10 Instructional Decision Making Instructional Coaching Practicum 3 Competencies under II, III and V. Supervised field experience (45 hours) Note: Programs have flexibility in how they distribute the competencies among courses. Field experiences may be required in courses other than the Practicum course. Credits can be reduced depending on candidate s experience. FACULTY Endorsement programs submitted for review to the Department will include the qualifications of faculty assigned to teach each course within the program. Faculty who teach in instructional Coaching programs must have expertise in instructional coaching, teaching experience in a K- 12 setting and advanced degrees in disciplines appropriate to coaching. Additionally, program proposals will be expected to include evidence of collaboration with current practicing instructional coaches and administrators. Faculty teaching in instructional coaching programs should represent a strong combination of current practical and theoretical knowledge about schools, teachers, adult learners and coaching. Instructional Coaching programs should consider the following elements when assigning faculty to teach the core courses: Faculty should have expertise in these areas: principles of coaching, adult learning, school leadership and change and assessment and data analysis. Expertise may be evidenced through a combination of: educational degrees, professional development, experience in Pre K-16 teaching/coaching and school leadership and scholarship. For faculty teaching coaching courses, a doctoral degree is preferred. However, a master s degree may be sufficient if accompanied by other experiences that ensure the relevant expertise. 10

11 Faculty should have experience in teaching and/or coaching in Pre K-12 schools. Additionally, faculty should have experience in professional development and school leadership. This may include, but is not limited to: success in administrative positions, leading professional development workshops, attending professional conferences and leadership roles in professional organizations. Evidence of scholarship includes (but is not limited to): publishing articles or books, presentations at professional conferences, participation in curriculum development and program accreditation. Programs may be approved if at least 80% of faculty members for this program are qualified to teach their assigned course(s). If any faculty are found to be unqualified for their assigned course(s), the institution will have two years to ensure that 100% of the faculty are qualified. Application Process RELATED INFORMATION The institution s certification officer will recommend the candidate for the endorsement after successful completion of the Instructional Coaching Endorsement Program. The candidate must complete the required PDE application for endorsement and pay the appropriate fee to add the endorsement to their instructional certificate. The application process may be found at the following link: Professional Development Specifications Coursework must include at least 12 semester credits (180 credit hours). Coursework may be face-to-face, on-line or a blended model of the two. While some on-line courses may be a component of the program, to ensure that field experience and competencies are developed, programs that are delivered completely on-line will not be approved. Coursework must demonstrate candidate competencies through coursework assessment. Coursework must include a planned practicum with a mentor relationship. Coursework may be offered as university coursework and/or approved IU courses or 11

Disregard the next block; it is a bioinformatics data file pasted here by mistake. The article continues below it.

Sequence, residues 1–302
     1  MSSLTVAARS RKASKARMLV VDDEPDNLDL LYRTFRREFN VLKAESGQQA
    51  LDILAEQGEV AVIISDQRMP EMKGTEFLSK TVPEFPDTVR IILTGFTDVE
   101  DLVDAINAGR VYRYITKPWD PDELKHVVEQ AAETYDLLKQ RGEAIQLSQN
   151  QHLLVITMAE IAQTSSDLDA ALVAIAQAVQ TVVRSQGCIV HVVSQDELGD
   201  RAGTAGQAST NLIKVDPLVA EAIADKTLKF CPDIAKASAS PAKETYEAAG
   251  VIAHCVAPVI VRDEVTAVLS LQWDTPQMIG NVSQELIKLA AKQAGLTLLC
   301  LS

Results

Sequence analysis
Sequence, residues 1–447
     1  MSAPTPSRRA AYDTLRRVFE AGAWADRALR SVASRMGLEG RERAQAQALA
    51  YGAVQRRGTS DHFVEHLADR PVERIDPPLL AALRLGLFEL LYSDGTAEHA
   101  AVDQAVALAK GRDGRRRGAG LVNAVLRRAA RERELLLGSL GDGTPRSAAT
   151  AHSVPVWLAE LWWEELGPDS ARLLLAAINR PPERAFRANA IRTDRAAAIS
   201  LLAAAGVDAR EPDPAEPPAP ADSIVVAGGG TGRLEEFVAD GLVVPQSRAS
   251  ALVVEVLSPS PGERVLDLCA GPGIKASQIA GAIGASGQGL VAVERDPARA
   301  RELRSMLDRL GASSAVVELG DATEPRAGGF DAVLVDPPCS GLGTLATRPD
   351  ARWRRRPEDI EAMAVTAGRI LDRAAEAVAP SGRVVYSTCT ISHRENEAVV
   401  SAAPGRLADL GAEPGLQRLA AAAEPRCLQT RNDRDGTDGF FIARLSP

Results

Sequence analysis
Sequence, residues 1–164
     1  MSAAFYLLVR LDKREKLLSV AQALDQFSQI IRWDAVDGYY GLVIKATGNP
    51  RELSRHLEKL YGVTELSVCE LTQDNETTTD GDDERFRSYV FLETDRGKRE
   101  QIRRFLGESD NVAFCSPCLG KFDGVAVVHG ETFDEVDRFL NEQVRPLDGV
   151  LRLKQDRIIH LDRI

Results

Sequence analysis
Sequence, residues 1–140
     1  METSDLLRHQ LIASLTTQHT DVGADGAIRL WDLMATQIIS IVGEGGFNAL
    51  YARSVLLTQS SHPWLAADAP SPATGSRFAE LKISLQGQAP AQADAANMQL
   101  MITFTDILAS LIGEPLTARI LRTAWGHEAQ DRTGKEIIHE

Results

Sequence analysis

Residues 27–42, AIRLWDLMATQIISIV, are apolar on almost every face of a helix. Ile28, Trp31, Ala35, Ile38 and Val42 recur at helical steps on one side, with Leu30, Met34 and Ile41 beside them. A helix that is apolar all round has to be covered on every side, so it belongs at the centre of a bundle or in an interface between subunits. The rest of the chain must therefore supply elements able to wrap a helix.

12 PDE-affiliated programs in conjunction with an institution of higher education, and extensive, well-designed clinical experiences. References Coburn, C.E., Toure, J. & Yamashita, M. (2009). Evidence, interpretation, and persuasion: Instructional decision making in the district central office. Teachers College Record, 111(4), Knight, J. (2007). Instructional coaching: A partnership approach to improving instruction. Thousand Oaks, CA: Corwin Press. Shulman, L.S. (1987). Knowledge and teaching: Foundations of the new reform. Harvard Educational Review, 57, Snow, C., Griffin, G. & Burns, M. (2005). Knowledge to support the teaching of reading: Preparing teachers for a changing world. San Francisco: Jossey-Bass. 12